under the lens - Allium ursinum

Allium ursinum  / Wild Garlic

One of the first plants to emerge in the understories of the deciduous forests of Europe, it creates an early spring carpet of dense green foliage. With that fresh green color and an unmistakable crisp fragrance- somewhere between garlic and chives- it truly awakes the senses after the long sleepy winter.


Family: Allium ursinum
Common Name: Wild Garlic
Distribution: Eurasia
Habitat: Deciduous forests
Bloom Time: April - May
Other: Edible, Medicinal (leaves and bulbs)

Hibernating bears, upon awakening, are known to favor this early sprouting green, digging up the earth to reach the sweet bulbs of the plant. Ursus is Latin for bear, and the plant’s botanical name of A. ursinum refers to this affinity.

Wild garlic thrives in wet, humus-rich soils, and is found growing wild on damp forest floors, often on streambanks or in forested riparian areas. Because it tolerates these conditions, it also does well in shade gardens, and in mature gardens it will often spread freely, existing somewhere between a cultivated and wild state.

photograph: “ wild garlic flowering in woodland ” by  ukgardenphotos , licensed under  CC BY-NC-ND 2.0  / cropped from original

photograph: “wild garlic flowering in woodland” by ukgardenphotos, licensed under CC BY-NC-ND 2.0 / cropped from original

The same properties that make this plant a favorite food for bears and wild boars have made it into a traditionally popular cooking ingredient for many cultures throughout Europe. The entire plant is edible, but the young leaves, picked before the flowers bloom, are particularly valued for their delicate flavor. It is eaten cooked in soups and sauces, and is used raw in salads and as an ingredient in breads. One of its most popular uses is as a substitute for basil to create a tangy pesto sauce.

As a relative to the cultivated garlic (A. sativum), it also has many of the same medicinal properties. Since the early 18th century, it was already known to ‘purify the blood’, and is still used today as a proven way to lower blood pressure and reduce high cholesterol, thus reducing the risk of heart problems. It is a strong antimicrobial, effective in treating respiratory infections- the notorious ‘garlic breath’ is actually beneficial, as it indicates that the antibacterial compounds are present in the airways!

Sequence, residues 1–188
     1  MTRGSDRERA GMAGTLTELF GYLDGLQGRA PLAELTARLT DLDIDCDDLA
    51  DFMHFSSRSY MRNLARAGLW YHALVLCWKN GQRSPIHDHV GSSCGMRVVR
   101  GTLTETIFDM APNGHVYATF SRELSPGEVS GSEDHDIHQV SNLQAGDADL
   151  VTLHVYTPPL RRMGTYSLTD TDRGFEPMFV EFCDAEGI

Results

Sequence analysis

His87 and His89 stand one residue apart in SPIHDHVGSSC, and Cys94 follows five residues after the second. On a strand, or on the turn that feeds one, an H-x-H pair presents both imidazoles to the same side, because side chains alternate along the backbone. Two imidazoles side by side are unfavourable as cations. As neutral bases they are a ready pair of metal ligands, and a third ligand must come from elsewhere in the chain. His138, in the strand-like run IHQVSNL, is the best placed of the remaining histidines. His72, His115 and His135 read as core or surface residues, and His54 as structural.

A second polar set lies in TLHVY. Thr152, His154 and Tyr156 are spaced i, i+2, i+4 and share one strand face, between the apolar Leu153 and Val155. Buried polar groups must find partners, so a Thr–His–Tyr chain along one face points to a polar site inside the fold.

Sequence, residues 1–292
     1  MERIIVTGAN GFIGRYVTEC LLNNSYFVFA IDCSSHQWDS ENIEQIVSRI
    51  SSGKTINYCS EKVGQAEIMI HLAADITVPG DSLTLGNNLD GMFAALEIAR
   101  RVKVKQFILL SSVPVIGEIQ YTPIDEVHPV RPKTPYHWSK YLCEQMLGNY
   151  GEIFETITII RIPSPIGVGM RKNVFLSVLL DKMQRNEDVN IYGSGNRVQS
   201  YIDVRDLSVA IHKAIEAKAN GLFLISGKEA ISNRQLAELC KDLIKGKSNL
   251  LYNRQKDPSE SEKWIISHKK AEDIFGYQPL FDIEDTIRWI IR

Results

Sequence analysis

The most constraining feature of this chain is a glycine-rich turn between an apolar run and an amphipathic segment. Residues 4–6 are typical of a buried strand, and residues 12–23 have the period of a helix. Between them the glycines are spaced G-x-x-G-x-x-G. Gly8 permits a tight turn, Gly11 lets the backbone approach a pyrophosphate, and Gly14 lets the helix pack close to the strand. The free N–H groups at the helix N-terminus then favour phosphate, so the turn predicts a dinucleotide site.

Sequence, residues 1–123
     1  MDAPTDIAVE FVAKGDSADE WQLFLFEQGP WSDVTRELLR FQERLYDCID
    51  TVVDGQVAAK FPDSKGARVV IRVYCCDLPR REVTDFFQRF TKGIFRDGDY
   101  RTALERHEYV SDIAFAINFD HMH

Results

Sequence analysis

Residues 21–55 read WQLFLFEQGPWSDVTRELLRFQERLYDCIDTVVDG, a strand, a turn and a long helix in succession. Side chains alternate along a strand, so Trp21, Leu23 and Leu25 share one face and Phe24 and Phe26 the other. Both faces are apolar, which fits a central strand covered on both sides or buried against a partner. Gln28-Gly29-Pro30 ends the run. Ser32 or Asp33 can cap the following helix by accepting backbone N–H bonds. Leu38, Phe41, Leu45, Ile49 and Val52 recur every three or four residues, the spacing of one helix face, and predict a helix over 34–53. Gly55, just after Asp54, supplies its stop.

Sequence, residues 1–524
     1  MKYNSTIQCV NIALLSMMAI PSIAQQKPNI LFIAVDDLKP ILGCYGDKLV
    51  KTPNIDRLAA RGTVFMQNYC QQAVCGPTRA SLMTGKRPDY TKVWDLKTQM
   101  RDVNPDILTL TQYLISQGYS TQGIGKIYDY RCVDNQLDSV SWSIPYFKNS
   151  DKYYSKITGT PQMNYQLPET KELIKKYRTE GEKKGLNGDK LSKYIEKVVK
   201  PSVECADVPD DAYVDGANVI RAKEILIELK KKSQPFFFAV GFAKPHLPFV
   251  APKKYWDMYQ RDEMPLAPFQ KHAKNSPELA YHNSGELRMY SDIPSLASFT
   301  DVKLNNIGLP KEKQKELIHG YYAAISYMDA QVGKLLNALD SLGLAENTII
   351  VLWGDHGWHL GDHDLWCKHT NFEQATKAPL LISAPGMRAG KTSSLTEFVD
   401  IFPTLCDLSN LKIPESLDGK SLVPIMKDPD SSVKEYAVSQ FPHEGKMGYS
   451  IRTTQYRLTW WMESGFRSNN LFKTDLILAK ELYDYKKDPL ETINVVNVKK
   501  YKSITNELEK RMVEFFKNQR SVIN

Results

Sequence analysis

Because of this plant’s popularity, it is especially important to be aware of how to properly forage it, either from the wild or from your garden. There are a number of poisonous look-alikes, and there are many documented deaths of people who have eaten improperly identified greens. Even though the plant seems plentiful, improper or overharvesting can quickly decimate wild populations, and it is our responsibility to educate ourselves on how to sustainably collect from the wild or to refrain when needed.

Are you interested in trying out some traditional dishes using wild garlic? Here are some important resources and recipes to get you started!

This should be your first stop. The Woodland Trust has put together a great list of responsible foraging guidelines, which apply not only to wild garlic, but to all plants foraged from the wild.



The Woodland Trust has also put together a list of foraging guidelines specific to wild garlic and has put together some tips for ensure a proper identification.


Celia Lewis has written and beautifully illustrated this guide to the changing seasons of the British countryside, including information on many of the common flora and fauna. She supplements the information with folklore, crafts, and recipes, including one for the beloved wild garlic pesto!


1. “Allium ursinum”. Wikipedia. Wikimedia Foundation Web: April 08, 2018. https://en.wikipedia.org/wiki/Allium_ursinum

2. “Allium ursinum-L”. Plants for a Future. Plants for a Future: April 20, 2018. https://www.pfaf.org/user/plant.aspx?LatinName=Allium+ursinum

3. “Bärlauch”. Wikipedia. Wikimedia Foundation Web: April 08, 2018. https://de.wikipedia.org/wiki/B%C3%A4rlauch

4. Kospach, J. (2015, March) Sättgrünes Blättermeer. Servus in Stadt & Land, 63-66.

5. Lauber, K; Wagner, G; Gygax, A. (2012). Flora Helvetica. Bern: Haupt.

6. Simmonds, M; Howes, M.J; Irving, J. (2016). The Gardener’s Companion to Medicinal Plants: An A-Z of Healing Plants and Home Remedies. London: Francis Lincoln Limited